Battles Like Iwo Jima Must Never Happen Again, Gen. Milley Says on 75th Anniversary
Seventy-five years ago today, about 70,000 Marines and sailors, backed up by about 400 ships, made the assault landings on Iwo Jima, a Pacific island that is only several square miles in size.
It was the bloodiest campaign in American history per square mile, the chairman of the Joint Chiefs of Staff said.
“They slugged it out, inch by inch, yard by yard for the next 36 days,” Army Gen. Mark A. Milley said, resulting in almost 50% of the battle’s participants being killed or wounded.
Of the 22,000 Japanese defenders, only about 1,000 survived the battle, he added.
Milley noted that his father, Alexander Milley, was a Marine who fought in Iwo Jima and other campaigns during the war.
The chairman was the keynote speaker at a commemoration marking the 75th anniversary of the start of the battle of Iwo Jima at the National World War II Memorial in Washington.
Last year, Milley visited Iwo Jima with his counterpart from the Japan Self-Defense Forces. “It’s an incredibly humbling experience to walk through that island … trying to imagine what hell on earth was like, and that was Iwo Jima,” he said.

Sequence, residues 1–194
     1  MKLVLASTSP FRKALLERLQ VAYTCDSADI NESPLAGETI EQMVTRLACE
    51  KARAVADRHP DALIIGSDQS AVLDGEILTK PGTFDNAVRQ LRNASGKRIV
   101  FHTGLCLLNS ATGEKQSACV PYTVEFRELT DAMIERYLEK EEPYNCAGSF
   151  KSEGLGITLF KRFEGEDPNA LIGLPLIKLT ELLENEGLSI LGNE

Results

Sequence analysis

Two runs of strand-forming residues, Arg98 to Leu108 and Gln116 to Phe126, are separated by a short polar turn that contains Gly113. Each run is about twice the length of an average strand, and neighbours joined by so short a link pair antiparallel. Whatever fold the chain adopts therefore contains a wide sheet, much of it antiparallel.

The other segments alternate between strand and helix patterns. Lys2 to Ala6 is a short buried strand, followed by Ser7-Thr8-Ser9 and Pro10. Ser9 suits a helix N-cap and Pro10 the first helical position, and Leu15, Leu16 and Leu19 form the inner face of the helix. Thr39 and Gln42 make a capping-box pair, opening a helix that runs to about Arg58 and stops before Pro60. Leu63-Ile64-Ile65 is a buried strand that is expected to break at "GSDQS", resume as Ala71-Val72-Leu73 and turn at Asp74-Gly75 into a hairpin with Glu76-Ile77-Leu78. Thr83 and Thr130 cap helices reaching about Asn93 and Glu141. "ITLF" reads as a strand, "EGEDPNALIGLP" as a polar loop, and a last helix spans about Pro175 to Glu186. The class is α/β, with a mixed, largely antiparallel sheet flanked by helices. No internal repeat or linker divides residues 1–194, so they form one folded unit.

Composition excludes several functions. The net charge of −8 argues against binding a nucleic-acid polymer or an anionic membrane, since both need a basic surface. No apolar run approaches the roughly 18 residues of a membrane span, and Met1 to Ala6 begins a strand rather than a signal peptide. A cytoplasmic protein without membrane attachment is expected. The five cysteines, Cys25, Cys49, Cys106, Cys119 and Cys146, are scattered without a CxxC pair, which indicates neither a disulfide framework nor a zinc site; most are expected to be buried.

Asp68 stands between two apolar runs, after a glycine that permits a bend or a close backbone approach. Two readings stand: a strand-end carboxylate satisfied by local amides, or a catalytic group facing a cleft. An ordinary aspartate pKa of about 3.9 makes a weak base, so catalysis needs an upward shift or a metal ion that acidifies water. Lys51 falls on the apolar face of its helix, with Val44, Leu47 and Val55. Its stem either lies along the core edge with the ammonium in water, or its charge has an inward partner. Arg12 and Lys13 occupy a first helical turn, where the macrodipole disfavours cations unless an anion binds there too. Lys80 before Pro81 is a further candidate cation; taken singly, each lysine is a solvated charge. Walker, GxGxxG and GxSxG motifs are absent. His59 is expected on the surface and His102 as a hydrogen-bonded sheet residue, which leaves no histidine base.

From 1914, the start of World War I, to 1945, the end of World War II, the world was engaged in two of the biggest wars that have ever been fought in the history of humanity, Milley said.
But those who fought in the wars fought for something — they fought for a better peace, he noted. At the end of 1945, he said, that greatest generation bequeathed a set of freedoms and a world order that has held good since then.
This is the 75th year of no great-power war, and that is what World War II veterans, including those at today’s event, fought for, the chairman said.
Today, the United States is in a great-power competition with China and Russia. “It is incumbent upon all of us to make sure that great-power competition of today stays at great-power competition and great-power peace and doesn’t yet again turn into great-power war,” he said.
“Let us resolve once again to never let it happen again,” Milley said. “Let us resolve that we’re not going to have another great-power war, because the slaughter that is involved is beyond the imagination. It’s beyond the pale.”
Everyone who wears the uniform is committed to maintaining the great-power peace, he concluded.